Once you get your content onto the PMP-120, you can watch it on the LCD or output it to a TV; the necessary RCA cable is included. However, because there's no wireless remote--iRiver supplies only an in-line one--the PMP-120 makes for a poor home-theater accoutrement. You can't pause a movie or skip to the next song in a playlist without walking over to the device.
The PMP-120 doesn't allow you to manually set bookmarks but does include an autoresume feature for videos. However, unlike its PMC sibling, it works for only one video at a time; if you switch to a second movie, then try to take up where you left off in your first one, the player fails to remember your spot--not too handy.
As with video, the PMP-120 has content issues when it comes to audio. Although it supports ASF, MP3, WAV, and WMA files, it won't play DRM-protected WMAs--meaning you can't listen to tunes purchased from online stores such as Musicmatch. Speaking of which, the PMP-120 doesn't support Microsoft's WMDM standard, so you can't use the likes of Musicmatch or Windows Media Player to synchronize your songs and playlists. In our tests, the player wasn't recognized by either program. iRiver should strongly consider a firmware patch to remedy this shortcoming.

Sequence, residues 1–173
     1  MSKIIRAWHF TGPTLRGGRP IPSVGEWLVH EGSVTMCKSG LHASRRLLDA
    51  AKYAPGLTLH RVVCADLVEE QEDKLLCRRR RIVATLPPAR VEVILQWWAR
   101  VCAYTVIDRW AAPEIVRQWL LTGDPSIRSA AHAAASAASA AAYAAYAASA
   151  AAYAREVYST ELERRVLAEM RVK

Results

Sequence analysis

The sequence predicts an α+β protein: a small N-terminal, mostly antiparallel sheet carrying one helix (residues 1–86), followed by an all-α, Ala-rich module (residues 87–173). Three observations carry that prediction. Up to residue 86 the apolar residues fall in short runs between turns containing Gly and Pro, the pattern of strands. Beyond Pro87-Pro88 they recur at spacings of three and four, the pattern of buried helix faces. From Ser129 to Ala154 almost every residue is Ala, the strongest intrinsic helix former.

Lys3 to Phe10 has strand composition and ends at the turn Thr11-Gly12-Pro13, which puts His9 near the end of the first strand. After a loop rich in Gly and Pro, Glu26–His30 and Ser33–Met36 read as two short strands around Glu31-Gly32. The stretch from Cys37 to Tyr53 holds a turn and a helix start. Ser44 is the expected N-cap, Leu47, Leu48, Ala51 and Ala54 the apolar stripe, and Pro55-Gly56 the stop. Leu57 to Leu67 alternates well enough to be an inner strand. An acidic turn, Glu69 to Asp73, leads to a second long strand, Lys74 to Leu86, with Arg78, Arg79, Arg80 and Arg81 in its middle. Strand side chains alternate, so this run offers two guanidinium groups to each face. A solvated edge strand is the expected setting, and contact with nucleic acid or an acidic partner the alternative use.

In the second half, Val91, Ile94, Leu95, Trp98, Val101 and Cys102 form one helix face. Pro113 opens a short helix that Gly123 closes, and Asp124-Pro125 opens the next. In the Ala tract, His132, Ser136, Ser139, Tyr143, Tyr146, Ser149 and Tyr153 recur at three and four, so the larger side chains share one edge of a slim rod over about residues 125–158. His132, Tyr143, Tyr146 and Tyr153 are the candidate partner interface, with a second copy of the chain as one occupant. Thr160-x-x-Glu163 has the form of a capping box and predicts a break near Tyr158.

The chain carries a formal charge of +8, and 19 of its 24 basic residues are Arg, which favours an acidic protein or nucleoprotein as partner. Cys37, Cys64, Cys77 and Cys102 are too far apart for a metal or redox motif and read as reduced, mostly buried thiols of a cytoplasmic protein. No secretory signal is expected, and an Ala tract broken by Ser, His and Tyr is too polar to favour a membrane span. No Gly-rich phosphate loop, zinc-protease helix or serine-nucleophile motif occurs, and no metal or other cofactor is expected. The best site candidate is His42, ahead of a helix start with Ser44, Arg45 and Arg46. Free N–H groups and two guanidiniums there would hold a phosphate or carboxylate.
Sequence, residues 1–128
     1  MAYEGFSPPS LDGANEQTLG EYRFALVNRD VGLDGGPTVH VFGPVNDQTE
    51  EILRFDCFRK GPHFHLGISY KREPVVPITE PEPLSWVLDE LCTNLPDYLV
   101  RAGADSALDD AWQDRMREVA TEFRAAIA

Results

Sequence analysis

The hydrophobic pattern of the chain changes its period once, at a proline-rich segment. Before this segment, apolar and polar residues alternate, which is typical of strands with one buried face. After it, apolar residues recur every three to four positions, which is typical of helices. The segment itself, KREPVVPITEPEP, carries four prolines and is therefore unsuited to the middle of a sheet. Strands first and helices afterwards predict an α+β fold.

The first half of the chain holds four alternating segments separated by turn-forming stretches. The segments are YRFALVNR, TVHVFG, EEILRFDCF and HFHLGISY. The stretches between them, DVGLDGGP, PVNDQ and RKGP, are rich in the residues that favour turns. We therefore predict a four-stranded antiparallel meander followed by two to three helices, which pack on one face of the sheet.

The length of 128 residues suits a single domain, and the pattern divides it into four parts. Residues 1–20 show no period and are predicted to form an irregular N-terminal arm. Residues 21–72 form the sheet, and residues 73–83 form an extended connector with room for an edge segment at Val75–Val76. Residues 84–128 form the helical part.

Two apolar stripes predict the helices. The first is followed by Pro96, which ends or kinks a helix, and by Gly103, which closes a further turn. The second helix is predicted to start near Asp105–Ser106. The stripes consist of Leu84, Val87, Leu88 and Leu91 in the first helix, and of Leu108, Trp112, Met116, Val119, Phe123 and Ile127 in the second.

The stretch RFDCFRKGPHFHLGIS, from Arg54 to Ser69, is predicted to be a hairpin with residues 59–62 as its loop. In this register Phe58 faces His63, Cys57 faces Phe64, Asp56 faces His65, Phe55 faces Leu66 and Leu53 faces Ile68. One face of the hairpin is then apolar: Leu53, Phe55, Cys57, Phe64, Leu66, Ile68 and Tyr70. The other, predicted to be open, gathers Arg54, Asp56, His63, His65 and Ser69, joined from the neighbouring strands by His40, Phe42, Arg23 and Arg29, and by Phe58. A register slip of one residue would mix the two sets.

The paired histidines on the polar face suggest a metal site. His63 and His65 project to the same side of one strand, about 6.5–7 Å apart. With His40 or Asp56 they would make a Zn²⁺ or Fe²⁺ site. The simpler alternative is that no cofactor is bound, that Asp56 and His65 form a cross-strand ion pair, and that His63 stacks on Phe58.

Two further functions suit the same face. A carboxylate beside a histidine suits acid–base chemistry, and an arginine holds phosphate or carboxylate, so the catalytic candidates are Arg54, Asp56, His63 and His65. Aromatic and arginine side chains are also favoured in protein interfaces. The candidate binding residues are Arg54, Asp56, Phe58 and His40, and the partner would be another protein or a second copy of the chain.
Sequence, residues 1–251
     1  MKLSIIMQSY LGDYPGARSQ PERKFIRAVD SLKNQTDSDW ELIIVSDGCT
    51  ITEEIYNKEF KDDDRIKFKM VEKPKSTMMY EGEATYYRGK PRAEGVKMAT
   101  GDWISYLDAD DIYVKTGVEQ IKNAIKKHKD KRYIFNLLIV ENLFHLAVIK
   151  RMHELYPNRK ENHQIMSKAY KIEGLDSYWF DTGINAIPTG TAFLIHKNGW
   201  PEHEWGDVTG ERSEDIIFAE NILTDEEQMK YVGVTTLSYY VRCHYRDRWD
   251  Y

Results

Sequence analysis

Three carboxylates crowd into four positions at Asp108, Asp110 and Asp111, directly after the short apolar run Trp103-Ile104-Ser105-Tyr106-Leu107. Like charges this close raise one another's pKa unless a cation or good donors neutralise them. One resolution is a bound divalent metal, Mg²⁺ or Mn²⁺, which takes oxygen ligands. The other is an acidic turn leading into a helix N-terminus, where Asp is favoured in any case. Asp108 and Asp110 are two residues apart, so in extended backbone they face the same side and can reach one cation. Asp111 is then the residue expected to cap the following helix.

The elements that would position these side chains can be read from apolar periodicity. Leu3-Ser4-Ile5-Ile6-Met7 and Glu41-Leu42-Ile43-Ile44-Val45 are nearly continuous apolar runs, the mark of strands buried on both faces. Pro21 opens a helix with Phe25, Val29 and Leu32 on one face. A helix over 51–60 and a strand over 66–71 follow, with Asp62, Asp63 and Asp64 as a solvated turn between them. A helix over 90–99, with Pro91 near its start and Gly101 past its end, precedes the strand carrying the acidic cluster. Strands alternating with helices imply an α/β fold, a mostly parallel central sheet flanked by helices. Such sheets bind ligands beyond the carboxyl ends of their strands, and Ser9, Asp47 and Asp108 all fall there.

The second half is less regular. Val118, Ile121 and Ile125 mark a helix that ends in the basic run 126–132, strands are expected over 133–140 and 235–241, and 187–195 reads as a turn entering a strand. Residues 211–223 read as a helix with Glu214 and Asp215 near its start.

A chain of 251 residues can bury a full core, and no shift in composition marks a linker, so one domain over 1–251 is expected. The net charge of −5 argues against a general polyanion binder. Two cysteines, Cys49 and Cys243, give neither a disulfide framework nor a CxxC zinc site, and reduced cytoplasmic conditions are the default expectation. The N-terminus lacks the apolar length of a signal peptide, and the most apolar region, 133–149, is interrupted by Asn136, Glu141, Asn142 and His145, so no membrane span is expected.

The PMP-120 does support standard M3U playlists, and it's quite easy to build your own, right on the device; just press the Select button to highlight the desired files and/or folders, then press play. However, we had major problems retrieving playlists we'd created. For starters, each new playlist seemed to overwrite the previous one. And when we tried to play a saved playlist, nothing happened; it turns out you have to "load" it first--you can't just press Play, even though that's a menu option. The PMP-120's incomprehensible interface is largely to blame for all this confusion; it left us wanting to avoid playlists altogether.